In order to get to know some of Detroit’s most interesting characters, it would only be proper to take a break from enjoying beautiful architecture to enter the world of the city’s fabled bar scene. From famed gang hideouts and Prohibition beer barons to punks and war veterans, photographer Julie Taubman captures Motown’s love of bars in her new book, Detroit: 138 Square Miles, the only way it can be taken in. Drink by drink, shot by shot.
The Stone House Bar has a historical reputation that will overwhelm you before you ever hit the entrance. Despite now being packed with rockers, bikers and the like, the Victorian-styled home located near the Michigan State Fairgrounds was once the clubhouse for Detroit’s infamous Purple Gang. From it’s covered porch to backyard that features a horseshoe pit, The Stone House Bar is quite unlike any other drinking establishment in the city. As the favorite saying of its patrons goes, “Come as a stranger, leave even stranger.” They mean it.
Distance to next destination: 8.46 Miles, 15 Minutes
A known Cass Corridor hideaway, the Old Miami came to prominence as a favored watering hole for Vietnam veterans returning home from the war. Henceforth, the bar has been deemed a “veteran’s scene,” but also fully incorporates an interesting mix of punks and hipster types that come to see local bands play on weekends. Not only does the bar’s living room vibe make you feel like your at home with comfortable couches to sit on, the Old Miami has an expansive backyard that is the perfect place to drink a beer and peer out into the classic Detroit neighborhood.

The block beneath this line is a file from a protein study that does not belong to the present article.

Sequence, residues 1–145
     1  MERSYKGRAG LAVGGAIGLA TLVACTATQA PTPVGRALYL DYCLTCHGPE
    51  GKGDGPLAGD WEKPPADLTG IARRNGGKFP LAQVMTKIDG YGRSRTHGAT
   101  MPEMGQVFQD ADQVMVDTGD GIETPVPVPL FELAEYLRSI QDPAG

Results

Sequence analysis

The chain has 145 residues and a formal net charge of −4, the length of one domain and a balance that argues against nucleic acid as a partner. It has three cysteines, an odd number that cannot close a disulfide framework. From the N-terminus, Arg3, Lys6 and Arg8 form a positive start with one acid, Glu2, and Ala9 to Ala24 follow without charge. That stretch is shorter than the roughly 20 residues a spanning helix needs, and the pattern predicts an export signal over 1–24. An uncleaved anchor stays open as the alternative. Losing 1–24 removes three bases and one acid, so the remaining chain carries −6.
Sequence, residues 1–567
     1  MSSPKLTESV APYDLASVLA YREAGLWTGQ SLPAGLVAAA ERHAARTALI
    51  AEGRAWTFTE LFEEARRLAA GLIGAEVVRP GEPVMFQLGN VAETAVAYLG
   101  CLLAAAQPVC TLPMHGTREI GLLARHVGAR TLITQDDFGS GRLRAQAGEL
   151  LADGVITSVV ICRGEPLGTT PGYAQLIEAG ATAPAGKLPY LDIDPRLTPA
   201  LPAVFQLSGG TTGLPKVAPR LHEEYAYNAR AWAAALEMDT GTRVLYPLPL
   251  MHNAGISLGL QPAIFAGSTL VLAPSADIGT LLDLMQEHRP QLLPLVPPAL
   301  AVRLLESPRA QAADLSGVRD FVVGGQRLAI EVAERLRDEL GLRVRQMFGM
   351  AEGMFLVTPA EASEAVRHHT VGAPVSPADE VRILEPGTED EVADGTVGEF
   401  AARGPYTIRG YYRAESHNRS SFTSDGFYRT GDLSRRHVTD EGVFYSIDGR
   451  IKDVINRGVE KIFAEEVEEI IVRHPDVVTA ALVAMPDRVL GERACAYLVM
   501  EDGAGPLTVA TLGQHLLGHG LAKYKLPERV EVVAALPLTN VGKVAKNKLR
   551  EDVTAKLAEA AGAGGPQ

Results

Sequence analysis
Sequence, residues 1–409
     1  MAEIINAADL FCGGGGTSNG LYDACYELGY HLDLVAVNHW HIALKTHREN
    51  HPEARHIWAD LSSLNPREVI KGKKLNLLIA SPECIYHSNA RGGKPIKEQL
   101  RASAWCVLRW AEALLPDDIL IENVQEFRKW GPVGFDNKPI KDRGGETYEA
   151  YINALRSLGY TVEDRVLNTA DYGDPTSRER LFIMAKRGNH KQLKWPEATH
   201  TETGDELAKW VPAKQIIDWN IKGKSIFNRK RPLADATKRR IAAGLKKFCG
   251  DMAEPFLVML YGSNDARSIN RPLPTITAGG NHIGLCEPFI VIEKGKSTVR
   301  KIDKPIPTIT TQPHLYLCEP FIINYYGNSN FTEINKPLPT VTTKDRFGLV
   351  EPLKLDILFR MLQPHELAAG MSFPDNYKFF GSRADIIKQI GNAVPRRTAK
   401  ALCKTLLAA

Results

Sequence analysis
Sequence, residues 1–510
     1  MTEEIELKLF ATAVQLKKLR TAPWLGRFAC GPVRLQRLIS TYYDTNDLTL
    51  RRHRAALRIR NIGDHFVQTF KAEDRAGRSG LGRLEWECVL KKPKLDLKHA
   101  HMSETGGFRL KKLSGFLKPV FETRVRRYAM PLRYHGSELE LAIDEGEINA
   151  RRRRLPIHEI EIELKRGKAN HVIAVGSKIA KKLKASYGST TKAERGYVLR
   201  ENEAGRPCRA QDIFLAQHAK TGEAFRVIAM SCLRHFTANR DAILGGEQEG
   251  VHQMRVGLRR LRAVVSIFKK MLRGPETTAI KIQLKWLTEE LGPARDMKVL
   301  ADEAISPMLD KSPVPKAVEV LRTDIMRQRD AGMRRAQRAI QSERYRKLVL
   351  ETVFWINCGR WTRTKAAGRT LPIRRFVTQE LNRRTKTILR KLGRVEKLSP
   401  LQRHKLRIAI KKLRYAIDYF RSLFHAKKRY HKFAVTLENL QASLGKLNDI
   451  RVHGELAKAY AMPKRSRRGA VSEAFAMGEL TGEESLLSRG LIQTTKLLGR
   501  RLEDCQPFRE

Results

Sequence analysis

Distance to next destination: 0.23 Miles, 56 Seconds
As a part of the sprawling Majestic Theatre complex in Midtown, the Magic Stick has set a precedent for being the purveyor of the city’s finest rock, hip-hop, pop and electronic music. Bringing in both large national acts and locally known heavy-hitters, the bar has recently become two different venues, the Magic Stick and the Magic Stick Lounge, in order to cater to bands of all sizes. Also, the Allley Deck, an outside patio adjacent to the bar, allows patrons to get a breath of fresh air at a particularly packed show while enjoying a view overlooking Woodward Avenue.
Distance to next destination: 8.40 Miles, 16 Minutes
Without the Ye Olde Tap Room, Detroit may have never survived the prohibition. Built in 1916, the original bar operated as a blind pig for a year until closing. The current bar room was added onto the original in 1922 and has since maintained its status as one of Eastsiders’ favorite hot spots. If you are a beer connoisseur looking for a particular brew, Ye Olde is one bar you need to stop in, as over 250 brews are offered on the always expanding menu, as well as over 30 kinds of single malt whisky. Truly, this bar is apart of Detroit history and drinking history alike.